Prime Minister, Andrew Holness, says the Government is prioritizing the distribution of tablets to students in need in order to ensure that they can access online learning.
He said he is aware of the challenges being faced by many families, noting that in some cases, several children in a household are sharing one device – usually a mobile phone.
The Prime Minister was addressing a ceremony for the handover of devices under the Tablets in Schools Programme, at the Seaward Primary and Junior High School in Olympic Way, St. Andrew, on November 4.
The Government, through e-Learning Jamaica (e-LJam), is currently distributing 40,000 tablets to primary school students who are beneficiaries under the Programme of Advancement Through Health and Education (PATH).
The Prime Minister noted that aside from issuing tablets, some parents will be assisted with a grant to help with the purchase of a device.
He is imploring those parents “who can afford to buy a tablet to make the sacrifice and buy the device for your child”.
During the ceremony, the Prime Minister, along with Minister of Education, Youth and Information, Fayval Williams, handed over 43 tablets to benefit students.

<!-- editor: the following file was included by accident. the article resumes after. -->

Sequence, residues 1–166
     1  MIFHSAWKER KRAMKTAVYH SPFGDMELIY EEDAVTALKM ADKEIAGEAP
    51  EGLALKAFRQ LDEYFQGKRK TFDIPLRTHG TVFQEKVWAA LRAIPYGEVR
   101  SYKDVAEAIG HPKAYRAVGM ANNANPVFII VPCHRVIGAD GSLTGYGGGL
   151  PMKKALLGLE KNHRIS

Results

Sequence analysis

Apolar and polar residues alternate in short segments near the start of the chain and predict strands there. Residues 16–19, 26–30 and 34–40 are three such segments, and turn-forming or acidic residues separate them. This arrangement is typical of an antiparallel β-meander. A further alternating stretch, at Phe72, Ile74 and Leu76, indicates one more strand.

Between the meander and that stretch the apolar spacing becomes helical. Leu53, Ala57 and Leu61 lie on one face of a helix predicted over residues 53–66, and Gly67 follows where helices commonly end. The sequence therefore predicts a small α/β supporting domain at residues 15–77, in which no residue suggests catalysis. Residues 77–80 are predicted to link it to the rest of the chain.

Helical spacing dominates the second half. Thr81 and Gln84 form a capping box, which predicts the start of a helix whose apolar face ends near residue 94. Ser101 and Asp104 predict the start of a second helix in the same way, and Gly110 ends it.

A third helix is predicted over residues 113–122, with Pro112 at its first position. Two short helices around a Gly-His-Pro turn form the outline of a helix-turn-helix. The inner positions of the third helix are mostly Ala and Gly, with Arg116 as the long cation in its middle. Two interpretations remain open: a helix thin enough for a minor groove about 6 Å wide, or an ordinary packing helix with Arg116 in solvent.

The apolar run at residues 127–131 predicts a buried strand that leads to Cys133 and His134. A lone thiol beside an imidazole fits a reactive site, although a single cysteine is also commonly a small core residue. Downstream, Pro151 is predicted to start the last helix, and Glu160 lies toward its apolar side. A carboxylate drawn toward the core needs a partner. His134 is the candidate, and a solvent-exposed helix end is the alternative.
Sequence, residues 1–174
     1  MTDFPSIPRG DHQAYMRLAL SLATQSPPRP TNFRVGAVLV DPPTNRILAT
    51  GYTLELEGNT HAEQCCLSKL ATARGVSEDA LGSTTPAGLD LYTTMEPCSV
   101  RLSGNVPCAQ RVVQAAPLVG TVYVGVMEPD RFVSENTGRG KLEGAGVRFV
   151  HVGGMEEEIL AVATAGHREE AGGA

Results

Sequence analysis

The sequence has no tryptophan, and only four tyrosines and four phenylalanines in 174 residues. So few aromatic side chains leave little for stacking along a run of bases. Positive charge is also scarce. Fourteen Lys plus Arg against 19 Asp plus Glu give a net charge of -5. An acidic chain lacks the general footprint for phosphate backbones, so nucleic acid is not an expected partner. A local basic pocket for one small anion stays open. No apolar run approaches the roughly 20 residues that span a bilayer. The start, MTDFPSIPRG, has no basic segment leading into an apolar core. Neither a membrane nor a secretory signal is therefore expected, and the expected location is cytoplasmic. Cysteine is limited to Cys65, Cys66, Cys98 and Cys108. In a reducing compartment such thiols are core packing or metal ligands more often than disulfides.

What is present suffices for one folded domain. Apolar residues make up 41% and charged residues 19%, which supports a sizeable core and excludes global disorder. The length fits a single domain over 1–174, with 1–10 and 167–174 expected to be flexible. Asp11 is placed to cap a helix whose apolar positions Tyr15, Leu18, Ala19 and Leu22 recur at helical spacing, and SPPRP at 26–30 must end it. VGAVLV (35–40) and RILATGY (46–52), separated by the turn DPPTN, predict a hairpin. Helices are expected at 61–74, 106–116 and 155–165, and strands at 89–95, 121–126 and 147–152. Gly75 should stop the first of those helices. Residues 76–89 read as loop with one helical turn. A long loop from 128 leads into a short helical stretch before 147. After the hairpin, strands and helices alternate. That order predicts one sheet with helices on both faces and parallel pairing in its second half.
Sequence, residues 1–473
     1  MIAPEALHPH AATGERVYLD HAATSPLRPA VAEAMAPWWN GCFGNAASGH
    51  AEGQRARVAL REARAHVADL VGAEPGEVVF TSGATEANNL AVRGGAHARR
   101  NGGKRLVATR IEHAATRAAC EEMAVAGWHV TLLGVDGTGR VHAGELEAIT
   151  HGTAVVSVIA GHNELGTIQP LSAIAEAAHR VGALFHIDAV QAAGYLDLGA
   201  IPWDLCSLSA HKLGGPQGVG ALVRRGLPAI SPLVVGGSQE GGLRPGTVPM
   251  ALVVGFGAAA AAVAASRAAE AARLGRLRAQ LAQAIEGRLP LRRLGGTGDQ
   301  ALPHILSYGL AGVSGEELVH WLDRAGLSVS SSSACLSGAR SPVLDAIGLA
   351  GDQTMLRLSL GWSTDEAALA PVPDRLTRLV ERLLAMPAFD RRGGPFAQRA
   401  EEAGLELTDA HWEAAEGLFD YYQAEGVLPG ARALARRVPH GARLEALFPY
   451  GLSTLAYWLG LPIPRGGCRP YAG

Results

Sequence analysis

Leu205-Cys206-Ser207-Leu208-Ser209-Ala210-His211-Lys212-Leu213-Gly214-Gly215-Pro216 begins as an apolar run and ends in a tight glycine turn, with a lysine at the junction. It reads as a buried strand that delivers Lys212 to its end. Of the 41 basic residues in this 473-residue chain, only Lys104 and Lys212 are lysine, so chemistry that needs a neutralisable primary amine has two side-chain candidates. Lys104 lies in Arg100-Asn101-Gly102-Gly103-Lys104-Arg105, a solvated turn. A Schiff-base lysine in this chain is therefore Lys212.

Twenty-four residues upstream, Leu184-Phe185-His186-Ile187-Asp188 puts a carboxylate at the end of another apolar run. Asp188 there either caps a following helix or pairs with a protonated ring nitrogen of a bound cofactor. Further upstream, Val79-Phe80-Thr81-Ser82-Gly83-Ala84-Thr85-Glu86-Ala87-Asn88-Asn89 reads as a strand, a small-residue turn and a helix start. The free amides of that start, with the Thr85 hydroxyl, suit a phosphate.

Holness, who is the Member of Parliament for West Central St. Andrew, where the school is located, commended the educators for using creative means to reach and engage students.
This is through the delivery and collection of schoolwork for those who do not have access to devices, and showing parents how to log on to the learning platforms.
“I want to encourage you to keep doing that great job,” Mr. Holness said.
In her remarks, Minister Williams said the Government’s technology programme is more than just the distribution of the devices, noting that “there are many factors that have to come together to ensure that learning is accelerated and enriched”.
“We know it’s about Internet connectivity, affordability, the e-content that we provide [and] it’s about the teachers who are trained…in the online system,” she said.
“We know these are difficult times, but we can’t throw up or hands. Now is when we…step forward to ensure that our children, wherever they are, in the deepest (most) rural part of Jamaica, are connected to the formal education system and are able to learn even while we live through the pandemic. We are totally committed to this process,” she said.
Principal of the School, Arlene Thomas,expressed gratitude that students have receivedthe “well-needed gadgets” that will enable more of them to benefit from online learning and teaching.
Grades four to six students are benefiting from the distribution of tablets, which started on October 2.
The devices will augment the 18,000 tablets and approximately 12,000 desktop computers already in the school system.